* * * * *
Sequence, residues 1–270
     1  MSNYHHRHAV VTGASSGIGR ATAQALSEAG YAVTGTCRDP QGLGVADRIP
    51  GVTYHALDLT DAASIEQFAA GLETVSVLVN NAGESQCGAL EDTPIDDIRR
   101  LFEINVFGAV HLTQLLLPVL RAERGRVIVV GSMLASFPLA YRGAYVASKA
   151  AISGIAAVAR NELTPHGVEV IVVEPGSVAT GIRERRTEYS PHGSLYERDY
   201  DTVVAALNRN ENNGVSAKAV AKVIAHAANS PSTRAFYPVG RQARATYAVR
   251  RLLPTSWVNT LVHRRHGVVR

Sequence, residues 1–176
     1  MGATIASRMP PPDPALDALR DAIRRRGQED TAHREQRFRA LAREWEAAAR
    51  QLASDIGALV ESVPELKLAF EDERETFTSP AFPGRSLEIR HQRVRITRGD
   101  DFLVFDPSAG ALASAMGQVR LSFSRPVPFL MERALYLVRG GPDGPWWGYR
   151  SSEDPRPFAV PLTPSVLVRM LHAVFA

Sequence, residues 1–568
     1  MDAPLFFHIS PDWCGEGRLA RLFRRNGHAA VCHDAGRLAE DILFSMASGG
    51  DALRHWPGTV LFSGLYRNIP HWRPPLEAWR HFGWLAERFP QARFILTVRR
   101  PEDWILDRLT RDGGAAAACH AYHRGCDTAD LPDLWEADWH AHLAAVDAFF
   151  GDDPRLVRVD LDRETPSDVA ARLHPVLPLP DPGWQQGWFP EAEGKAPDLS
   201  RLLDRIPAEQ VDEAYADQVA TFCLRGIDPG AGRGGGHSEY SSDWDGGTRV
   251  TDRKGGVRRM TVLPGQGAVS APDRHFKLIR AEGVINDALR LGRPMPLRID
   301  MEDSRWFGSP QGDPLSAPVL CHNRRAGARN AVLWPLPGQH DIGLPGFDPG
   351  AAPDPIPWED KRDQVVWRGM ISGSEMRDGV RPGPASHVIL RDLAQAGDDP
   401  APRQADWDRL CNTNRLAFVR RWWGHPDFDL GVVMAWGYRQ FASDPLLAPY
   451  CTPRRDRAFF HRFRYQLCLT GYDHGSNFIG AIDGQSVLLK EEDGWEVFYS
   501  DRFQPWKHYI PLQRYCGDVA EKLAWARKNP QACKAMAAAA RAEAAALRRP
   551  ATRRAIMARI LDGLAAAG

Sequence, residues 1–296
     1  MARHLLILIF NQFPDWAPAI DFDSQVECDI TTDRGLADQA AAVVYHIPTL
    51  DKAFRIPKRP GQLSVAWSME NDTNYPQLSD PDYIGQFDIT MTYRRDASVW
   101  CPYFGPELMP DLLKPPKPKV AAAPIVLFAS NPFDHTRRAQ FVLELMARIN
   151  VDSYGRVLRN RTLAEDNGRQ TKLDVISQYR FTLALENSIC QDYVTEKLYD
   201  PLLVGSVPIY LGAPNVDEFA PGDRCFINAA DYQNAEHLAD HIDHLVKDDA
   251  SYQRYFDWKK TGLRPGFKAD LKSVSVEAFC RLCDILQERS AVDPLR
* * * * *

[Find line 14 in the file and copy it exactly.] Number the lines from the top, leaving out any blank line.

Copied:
     1  MDAPLFFHIS PDWCGEGRLA RLFRRNGHAA VCHDAGRLAE DILFSMASGG